Lets say you are presented with an encrypted string of bits or text, and no other information. What would be necessary before you could apply brute force methods to decrypting the string? How would a cryptanalyst approach such a case? (lets assume the conditions are such that the encryption can be brute forced in a reasonable time frame).


2 Answers 2


This is called ciphertext-only cryptanalysis*, and it's pretty difficult unless the cipher is quite weak. Therefore, the first priority for a cryptanalyst in such a situation is usually to try to find more information about the algorithm. Fortunately (for the cryptanalyst), as Kerckhoffs' principle suggests, there are often ways to find out how the algorithm works. For example:

  • If the string was encrypted (or meant to be decrypted) by a computer program, one could try to obtain a copy of the program and inspect it in a debugger to determine the algorithm.

  • Similarly, if the encryption and/or decryption was done by a hardware device, one could try to obtain such a device and reverse engineer it.

  • One might also try to obtain a copy of a manual explaining how the cipher is used, or design documents explaining how it works, or even look for hints in public articles written about it. Or one could even try to capture someone who knows how the cipher works and interrogate them.

That said, there are some things that can be done even without knowing the algorithm in advance, particularly if the cipher is a simple one:

  • One can look at the character frequencies in the cipher, or more generally at $n$-gram frequencies or at correlations between characters $n$ positions apart. Many simple classical ciphers can reveal characteristic patterns under such an examination, allowing the algorithm and perhaps eventually the key to be guessed.

  • More generally, one can look for patterns that may reveal information about the algorithm. For example, modern ciphers usually operate on bytes, or blocks of bytes, while classical ciphers typically use a smaller alphabet of letters and maybe a few symbols. Some modern operating modes may reveal the block size of the cipher; also, comparing the length of the ciphertext with that of the plaintext, if known, may reveal the presence (or absence) of an IV and/or a MAC. And sometimes, e.g. when used in ECB mode, even the output of a modern block cipher may have patterns that can reveal information about the plaintext, and, incidentally, the cipher and mode used.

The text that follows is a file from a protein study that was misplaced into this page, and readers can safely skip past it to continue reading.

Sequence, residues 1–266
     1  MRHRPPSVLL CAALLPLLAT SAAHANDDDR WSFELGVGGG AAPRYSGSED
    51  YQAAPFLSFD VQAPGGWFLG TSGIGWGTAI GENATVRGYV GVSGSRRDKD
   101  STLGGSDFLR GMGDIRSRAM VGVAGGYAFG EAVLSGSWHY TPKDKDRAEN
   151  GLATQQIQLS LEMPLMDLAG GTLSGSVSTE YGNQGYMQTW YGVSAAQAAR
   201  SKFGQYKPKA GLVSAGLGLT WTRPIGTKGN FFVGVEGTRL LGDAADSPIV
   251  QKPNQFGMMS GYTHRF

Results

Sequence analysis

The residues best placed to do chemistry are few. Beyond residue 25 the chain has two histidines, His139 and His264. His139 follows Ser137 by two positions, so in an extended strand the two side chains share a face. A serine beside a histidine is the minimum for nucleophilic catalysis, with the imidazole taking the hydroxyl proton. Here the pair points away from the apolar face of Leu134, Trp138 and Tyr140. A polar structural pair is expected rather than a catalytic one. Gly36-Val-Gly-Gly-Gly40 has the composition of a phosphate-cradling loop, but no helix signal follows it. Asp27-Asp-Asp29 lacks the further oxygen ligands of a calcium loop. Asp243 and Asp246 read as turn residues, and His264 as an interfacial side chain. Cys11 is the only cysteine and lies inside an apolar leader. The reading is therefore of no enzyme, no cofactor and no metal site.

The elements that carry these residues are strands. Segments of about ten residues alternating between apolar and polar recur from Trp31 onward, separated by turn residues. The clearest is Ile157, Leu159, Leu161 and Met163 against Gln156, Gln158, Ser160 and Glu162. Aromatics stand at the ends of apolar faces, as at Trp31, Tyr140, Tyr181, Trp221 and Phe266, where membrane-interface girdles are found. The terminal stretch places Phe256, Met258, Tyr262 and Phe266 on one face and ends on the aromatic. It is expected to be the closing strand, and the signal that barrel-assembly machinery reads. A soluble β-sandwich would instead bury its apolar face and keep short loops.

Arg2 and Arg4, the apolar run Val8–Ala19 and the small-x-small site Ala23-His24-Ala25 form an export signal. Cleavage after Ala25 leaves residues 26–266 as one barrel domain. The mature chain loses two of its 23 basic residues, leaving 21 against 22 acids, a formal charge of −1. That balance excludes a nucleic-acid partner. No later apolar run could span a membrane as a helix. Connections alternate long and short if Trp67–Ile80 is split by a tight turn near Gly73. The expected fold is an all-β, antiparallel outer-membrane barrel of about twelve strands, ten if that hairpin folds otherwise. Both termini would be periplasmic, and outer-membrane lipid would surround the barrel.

• Finally, one can simply try known algorithms and variants of them and see if they work. This works particularly well if one has already narrowed the choices down somehow, and/or has additional information available (such as knowing the key but not the algorithm).

For an interesting historical example, see the cryptanalysis of the Enigma (and of the other WWII axis ciphers), which provides examples of several of these methods and their combinations.

* The term "ciphertext-only cryptanalysis" is also used for the broader situation where the algorithm is known but no information about the key or the plaintext is available. Even that can be quite challenging, although obviously easier than if even the algorithm used is uncertain.


If you can't tell what function was applied to create the cipher text, your search space is as many bits as the message. It's the perfect secrecy achieved with a one time pad. (x + y = z, given z what are x and y?) During an exhaustive search the attacker could find as many messages as they were willing to compute, but they will never know which one was right.

That being said, the added clause "lets assume the conditions are such that the encryption can be brute forced in a reasonable time frame" really means you just confine your search to any ciphers that are insecure enough to be cracked in the chosen time frame.

Ilmari's answer is way cooler though. :-)


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